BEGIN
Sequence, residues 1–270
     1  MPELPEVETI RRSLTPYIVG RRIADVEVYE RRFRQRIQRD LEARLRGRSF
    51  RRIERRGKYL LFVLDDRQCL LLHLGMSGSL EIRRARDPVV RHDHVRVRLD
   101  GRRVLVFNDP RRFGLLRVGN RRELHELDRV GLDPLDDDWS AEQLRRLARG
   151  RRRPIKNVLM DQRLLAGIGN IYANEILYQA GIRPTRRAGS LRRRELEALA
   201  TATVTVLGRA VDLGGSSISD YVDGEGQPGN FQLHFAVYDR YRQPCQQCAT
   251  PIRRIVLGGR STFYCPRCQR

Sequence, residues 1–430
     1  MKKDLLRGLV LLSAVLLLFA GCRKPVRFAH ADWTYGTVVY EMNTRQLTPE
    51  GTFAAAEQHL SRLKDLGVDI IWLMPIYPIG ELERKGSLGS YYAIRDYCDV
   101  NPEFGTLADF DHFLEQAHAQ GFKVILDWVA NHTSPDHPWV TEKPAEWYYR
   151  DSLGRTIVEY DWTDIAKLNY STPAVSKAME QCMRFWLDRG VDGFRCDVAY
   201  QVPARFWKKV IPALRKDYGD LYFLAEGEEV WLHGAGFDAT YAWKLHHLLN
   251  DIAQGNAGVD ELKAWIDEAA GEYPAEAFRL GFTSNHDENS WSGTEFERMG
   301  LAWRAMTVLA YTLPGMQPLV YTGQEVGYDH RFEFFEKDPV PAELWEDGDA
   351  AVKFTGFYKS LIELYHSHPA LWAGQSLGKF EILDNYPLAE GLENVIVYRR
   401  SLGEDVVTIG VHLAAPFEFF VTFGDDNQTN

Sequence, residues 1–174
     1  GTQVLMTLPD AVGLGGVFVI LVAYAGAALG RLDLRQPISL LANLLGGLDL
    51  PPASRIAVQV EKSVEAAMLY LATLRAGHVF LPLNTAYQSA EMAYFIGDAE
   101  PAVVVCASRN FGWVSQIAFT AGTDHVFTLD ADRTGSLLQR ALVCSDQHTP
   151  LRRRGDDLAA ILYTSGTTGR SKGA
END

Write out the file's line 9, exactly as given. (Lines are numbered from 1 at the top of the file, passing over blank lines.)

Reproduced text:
     1  MKKDLLRGLV LLSAVLLLFA GCRKPVRFAH ADWTYGTVVY EMNTRQLTPE